I wonder if PAHC disclosed all the consultant money they are planning to spend on their funding application... they are supposed to...
Oh wait, that money would be spent to fight for zoning that was supposed to be in place on July 3. And the zoning was supposed to be certified as consistent with the Comprehensive Plan, also not true on July 3....
In all the discussions of the referenda regarding development of the Maybell site by PAHC, I notice several consistent features:
1. Those who are in favor of the referenda and/or would like City of Palo Alto to rescind the zoning change are mostly from Barron Park and Greenacres, ie, the very residents whose children will be caught in the ensuing mess if the project goes forward. In contrast, those who are in favor of the project are from Midtown, on the other side of Alma, several miles away, and will not be affected.
2. The city can avoid election costs--the most fiscally responsible approach--by simply canceling the zoning changes.
3. Should the city decide to hold a vote, the most cost efficient time would be in November, 2014. PAHC is the cause of the problem, thus they should have no say on the timing of the election.
4. How many people throughout Palo Alto realize that there is a neighboring project proposed for the Buena Vista trailer park site? This new development will have 184 luxury apartments. Where are the below market rate and low income units in this high rise development?
5. Residents should also know that if the senior project for Maybell is built, it will not give priority to displaced residents from the trailer park, now will it give priority to seniors who currently live in Palo Alto. It will include residents from ALL of Santa Clara County--from the Palo Alto border with Menlo Park to the far southern reaches of the county. Why build a project at the north end of a huge county if probably most of the potential residents will come from 20 or more miles away?
All of these issues and more need to be considered before issuing a permit to build on the Maybell site as planned. Let the developer of the trailer park site foot at least part of the bill.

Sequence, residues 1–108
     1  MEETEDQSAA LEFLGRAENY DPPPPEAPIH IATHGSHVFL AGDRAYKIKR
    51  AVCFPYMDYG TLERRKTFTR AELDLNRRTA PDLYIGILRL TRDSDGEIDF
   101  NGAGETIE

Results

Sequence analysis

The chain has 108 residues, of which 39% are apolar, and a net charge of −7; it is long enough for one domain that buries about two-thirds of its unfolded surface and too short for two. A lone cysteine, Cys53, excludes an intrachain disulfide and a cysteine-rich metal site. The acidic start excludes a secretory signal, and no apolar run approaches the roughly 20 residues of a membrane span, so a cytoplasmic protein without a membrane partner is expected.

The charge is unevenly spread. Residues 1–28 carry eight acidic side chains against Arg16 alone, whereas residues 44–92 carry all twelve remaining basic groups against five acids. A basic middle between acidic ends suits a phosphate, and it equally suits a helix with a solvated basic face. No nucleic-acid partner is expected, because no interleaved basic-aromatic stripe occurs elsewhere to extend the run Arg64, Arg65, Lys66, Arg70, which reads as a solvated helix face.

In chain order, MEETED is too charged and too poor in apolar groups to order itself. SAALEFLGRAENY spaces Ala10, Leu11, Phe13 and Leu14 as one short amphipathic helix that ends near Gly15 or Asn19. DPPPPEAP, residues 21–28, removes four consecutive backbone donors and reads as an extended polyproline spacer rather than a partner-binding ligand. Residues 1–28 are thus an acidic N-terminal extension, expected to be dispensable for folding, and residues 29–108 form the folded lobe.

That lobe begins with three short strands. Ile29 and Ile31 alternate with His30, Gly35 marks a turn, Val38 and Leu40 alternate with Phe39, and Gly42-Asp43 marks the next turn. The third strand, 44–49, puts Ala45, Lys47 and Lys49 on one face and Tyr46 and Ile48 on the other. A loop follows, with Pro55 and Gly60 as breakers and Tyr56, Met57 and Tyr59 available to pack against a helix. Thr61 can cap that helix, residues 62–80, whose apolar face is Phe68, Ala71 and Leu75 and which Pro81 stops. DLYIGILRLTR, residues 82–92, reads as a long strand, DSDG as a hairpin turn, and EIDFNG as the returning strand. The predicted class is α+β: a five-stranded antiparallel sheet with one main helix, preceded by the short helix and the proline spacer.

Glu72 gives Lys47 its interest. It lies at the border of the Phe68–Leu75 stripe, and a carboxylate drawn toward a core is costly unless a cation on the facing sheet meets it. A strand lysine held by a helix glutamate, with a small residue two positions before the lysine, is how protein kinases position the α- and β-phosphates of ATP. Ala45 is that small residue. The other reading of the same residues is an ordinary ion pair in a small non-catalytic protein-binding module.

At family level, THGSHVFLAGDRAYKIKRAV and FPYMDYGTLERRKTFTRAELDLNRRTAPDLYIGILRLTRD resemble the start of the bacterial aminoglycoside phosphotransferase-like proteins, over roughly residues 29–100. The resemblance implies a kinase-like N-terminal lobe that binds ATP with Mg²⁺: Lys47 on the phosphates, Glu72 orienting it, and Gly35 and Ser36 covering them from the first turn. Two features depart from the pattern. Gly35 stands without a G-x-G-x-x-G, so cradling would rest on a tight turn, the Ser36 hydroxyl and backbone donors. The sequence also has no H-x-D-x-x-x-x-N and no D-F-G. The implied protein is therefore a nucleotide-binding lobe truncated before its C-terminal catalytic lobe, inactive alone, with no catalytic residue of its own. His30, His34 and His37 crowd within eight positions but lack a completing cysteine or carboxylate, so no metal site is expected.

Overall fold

The best way to avoid a costly and bitterly fought election is to rescind the voting change now.
Probably the best kept secret, buried at the end of one of the staff reports, is that the property doesn't even have to remain for seniors, there was no requirement under the PC zoning that it stay for seniors.
Council approves all projects with massive exceptions to zoning, granting huge financial gains to private parties and no public benefits. The public is told that if they do not like Council's decisions, they have the right to sue based on CEQA or bring it to a vote of the public thru referendum. When the public excercise this right, they are then blamed for the expenses the city must incur.
Tax payers will continue to bear the burden of this ridiculous process until we elect a City Council that believes that the zoning ordinances and Comprehensive Plan contain the regulations and guiding principles for development in Palo Alto.
This is not about Maybell
It is about Miki's
It is about destruction of the historical Eichler building at Edgewood
It is about the commercial development of downtown and parking
It is about El Camino and Embarcadero traffic
It is about the two lane cow path Arastradero got turned into which successfully slowed cars to a dead stop.
It is about the private construction yard on and blocking Alma
It is about the $24 million plus mausoleum for dead trees on Middlefield which is millions over budget and years behind schedule
It is about the slaughter of 500 trees for a new golf course we don't need
It is about a garbage factory in the baylands
It is about 27 University
Folks have had enough, let's vote. It is time to take our government back!
You are absolutely right, folks have had enough, and the Maybell situation is emblematic.
However, for the Maybell neighbors, this battle really IS about Maybell and the circumstances there. Folks in the neighborhood are fighting this on behalf of their children, because they understand and witness and live what City Council and PAHC don't seem willing to listen to.
Thank you Midtown, you are so right. This is about all of Palo Alto.
It is about up-zoning property for the benefit and gain of the developers.
And don't forget the misery that is the JCC fortress building butted up agains the street blocking sun and sky , oversized, ticky tacky, overheight, and bizarre. And, the list goes on...
Now, here the thing. Its really no business and no concern of PAHCs what does or doesn't go in to the maybell sight once they sell that land. The city basically owns that land right now anyway - by virtue of the being the lender. Just like the bank owns your home. When you sell your house you payoff the bank loan, and you move on. What gets done with 'your' house after you leave is no business of yours at that point. PAHC should 'sell' it to the city and move on.